Introduction: Kid Resistant (But Not Kid Proof) Cabinet Keeper-Shutters

About: When I was a boy, I was amazed how my grandfather could make flotsam and jetsam into useful things. I am proud that I have inherited some of his skill.

Its amazing how much a ten-month child can get into. By the time you get one thing picked up, he is doing something else.

Once my grandson was crawling pretty well, he discovered the kitchen cabinets and it was time to do something to keep him from getting hurt. When our children were little, we bought a set of latches that were pretty effective, so we tried it again this time.

Step 1:

I installed the first latch on the sink cabinet and realized right off the door wouldn't shut; the end of the latch hit the sink. Lacking any other good option, I moved them lower and found out how big a pain it was to have to keep bending way over to get into the cabinet.

About the same time, I recalled why we had taken the latches off the doors when my son was still small; he had been nearby when one of the cabinets was opened and he received an ugly scratch across his arm. It could just as easily been his eye.

Step 2:

I decided I had to try something else. I'm not guaranteeing this Instructable will positively keep children out of cabinets where they don't belong. Hopefully, it will help; nothing takes the place of keeping an eagle eye on them.

It is simple and cheap and so far, my grandson hasn't figured it out.

The heart of this project is merely to loop a piece of 550 cord around the cabinet door knobs and anchor it to the inside.

The materials needed are about 8-10 inches of 550 cord and a small screw eye per door (or pair of doors, depending how your knobs are situated.) You also need a cigarette lighter to melt each end of the cord and a drill with the appropriate sized bit to drill pilot holes for the screw eyes,

First, drill a small hole where you want your screw eye. This should be on the door stile,on the opposite side from the knob. (On the back of the door frame, in other words.) Screw it in.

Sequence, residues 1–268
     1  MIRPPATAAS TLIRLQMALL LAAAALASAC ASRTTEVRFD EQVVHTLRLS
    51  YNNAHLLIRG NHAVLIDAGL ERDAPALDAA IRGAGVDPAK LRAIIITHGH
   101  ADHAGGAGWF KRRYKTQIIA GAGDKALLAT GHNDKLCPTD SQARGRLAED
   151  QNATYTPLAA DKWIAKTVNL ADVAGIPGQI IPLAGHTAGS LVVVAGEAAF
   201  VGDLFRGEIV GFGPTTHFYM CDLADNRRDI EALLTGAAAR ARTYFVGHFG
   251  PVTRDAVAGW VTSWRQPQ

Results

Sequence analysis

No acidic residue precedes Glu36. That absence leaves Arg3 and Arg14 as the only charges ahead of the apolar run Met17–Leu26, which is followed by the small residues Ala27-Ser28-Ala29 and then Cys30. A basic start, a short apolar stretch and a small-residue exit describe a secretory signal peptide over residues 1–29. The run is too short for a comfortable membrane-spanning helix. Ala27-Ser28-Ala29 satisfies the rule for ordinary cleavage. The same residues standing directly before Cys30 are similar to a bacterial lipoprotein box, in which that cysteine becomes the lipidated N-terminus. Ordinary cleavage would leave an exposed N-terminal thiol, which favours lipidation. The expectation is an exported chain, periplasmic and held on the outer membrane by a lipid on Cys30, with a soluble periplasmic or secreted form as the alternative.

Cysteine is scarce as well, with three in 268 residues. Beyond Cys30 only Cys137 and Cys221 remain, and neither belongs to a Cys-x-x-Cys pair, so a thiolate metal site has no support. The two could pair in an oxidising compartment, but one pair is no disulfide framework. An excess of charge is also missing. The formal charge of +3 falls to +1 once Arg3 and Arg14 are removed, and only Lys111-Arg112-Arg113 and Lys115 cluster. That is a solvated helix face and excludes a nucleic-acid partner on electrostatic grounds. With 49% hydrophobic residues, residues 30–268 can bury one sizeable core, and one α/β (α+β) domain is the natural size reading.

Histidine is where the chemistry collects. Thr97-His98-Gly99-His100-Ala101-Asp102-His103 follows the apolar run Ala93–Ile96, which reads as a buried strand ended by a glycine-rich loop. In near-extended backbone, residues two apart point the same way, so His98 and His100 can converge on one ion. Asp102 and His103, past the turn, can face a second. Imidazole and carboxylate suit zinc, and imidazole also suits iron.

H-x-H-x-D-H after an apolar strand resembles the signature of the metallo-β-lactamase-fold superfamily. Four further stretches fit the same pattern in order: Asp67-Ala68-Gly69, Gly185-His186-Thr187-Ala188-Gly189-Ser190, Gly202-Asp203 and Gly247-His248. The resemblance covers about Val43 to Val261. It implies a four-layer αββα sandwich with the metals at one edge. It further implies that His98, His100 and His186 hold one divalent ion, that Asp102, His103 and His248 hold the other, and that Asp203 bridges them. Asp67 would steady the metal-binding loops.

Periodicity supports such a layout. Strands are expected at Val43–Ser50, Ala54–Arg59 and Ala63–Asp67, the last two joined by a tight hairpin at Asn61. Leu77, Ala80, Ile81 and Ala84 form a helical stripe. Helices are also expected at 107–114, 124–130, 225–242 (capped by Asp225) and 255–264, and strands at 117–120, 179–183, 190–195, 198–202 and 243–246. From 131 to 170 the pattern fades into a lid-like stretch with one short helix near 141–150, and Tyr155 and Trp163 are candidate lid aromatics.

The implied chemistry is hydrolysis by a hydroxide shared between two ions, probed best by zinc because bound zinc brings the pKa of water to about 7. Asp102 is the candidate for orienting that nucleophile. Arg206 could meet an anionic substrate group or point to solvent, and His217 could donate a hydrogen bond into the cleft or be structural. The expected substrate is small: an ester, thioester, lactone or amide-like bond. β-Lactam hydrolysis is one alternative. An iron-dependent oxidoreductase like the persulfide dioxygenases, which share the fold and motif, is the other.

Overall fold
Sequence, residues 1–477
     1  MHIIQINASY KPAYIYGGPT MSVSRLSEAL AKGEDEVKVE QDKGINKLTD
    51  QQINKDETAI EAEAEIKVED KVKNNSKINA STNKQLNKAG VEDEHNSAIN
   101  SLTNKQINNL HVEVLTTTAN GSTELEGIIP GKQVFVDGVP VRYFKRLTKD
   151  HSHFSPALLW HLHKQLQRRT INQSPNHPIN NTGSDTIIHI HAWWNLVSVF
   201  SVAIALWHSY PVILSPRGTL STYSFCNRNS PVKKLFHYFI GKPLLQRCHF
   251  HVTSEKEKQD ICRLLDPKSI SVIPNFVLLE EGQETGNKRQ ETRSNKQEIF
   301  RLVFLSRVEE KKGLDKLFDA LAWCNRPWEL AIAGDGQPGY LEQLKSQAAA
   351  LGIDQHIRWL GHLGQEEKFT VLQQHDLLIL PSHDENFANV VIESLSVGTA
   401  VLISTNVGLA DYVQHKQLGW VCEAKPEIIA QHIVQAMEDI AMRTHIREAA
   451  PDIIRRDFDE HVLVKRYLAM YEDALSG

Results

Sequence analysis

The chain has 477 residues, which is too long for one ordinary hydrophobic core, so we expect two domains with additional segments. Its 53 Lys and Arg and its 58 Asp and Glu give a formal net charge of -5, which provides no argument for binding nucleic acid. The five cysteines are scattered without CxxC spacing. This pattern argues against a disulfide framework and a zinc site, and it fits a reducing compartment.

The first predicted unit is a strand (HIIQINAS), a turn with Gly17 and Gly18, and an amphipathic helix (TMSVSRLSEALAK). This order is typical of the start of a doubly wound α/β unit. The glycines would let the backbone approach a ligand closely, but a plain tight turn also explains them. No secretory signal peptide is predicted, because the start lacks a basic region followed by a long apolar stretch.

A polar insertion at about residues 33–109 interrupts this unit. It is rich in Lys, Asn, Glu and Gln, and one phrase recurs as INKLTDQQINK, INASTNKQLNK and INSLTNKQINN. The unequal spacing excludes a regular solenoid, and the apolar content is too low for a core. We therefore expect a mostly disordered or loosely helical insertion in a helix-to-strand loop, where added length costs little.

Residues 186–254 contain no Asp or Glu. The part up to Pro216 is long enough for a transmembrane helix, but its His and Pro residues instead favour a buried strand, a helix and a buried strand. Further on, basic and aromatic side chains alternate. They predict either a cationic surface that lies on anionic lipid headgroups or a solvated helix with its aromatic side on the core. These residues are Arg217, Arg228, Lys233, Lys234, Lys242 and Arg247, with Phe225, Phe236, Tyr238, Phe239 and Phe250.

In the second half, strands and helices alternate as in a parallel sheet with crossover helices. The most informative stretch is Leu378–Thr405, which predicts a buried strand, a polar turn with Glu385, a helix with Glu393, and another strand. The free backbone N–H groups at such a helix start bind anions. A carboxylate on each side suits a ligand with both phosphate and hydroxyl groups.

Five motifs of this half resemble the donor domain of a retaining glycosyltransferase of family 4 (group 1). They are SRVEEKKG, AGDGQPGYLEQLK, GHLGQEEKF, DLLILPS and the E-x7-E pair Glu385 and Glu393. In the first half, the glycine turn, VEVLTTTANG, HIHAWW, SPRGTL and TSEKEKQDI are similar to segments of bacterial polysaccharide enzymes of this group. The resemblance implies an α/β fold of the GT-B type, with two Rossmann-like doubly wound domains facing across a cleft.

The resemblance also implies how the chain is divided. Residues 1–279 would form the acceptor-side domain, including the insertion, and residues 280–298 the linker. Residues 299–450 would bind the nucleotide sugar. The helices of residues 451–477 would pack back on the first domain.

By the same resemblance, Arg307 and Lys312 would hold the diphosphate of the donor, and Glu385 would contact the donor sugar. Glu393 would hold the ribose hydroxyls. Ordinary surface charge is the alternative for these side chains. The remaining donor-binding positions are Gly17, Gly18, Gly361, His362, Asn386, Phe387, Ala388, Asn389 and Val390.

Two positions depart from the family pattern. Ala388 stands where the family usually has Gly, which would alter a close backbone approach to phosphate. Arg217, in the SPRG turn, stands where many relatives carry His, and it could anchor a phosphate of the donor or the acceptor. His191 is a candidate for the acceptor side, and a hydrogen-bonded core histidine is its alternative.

Step 3:

Take a piece of 550 cord and cut it to length - about 8-10 inches. Melt both ends to keep it from unraveling.

Don't burn yourself.

Step 4:

Push the two ends of your cord through the screw eye together. Close the door and adjust the loop around the two knobs so it is tight enough to barely slide around them. Open the door and tie your cord in a knot, tightly against the screw eye.

I put a drop of glue on the knot to keep it from coming undone.

In the event you have two side by side doors with one knob, put the screw eye on the back of the knob-less door. If you have one door, put the eye on the back of the cabinet doorway.

Step 5: That's About It.

To use, just loop the cord around the knobs. When the child pulls on the doors, knobs, or cord, it merely becomes tighter, helping keep the doors from opening. It's not foolproof, and it certainly isn't childproof. You have to keep your eyes on kids all the time, but hopefully it will slow him up long enough to catch him before he pulls all your pots and pans into the floor.

It works pretty well for us, and it has one advantage the commercial version doesn't have: when our grandson is not here, we don't have to put up with the doors being secured. We just slip the loops off and it is business as usual.

Jury Rig It! Contest

Participated in the
Jury Rig It! Contest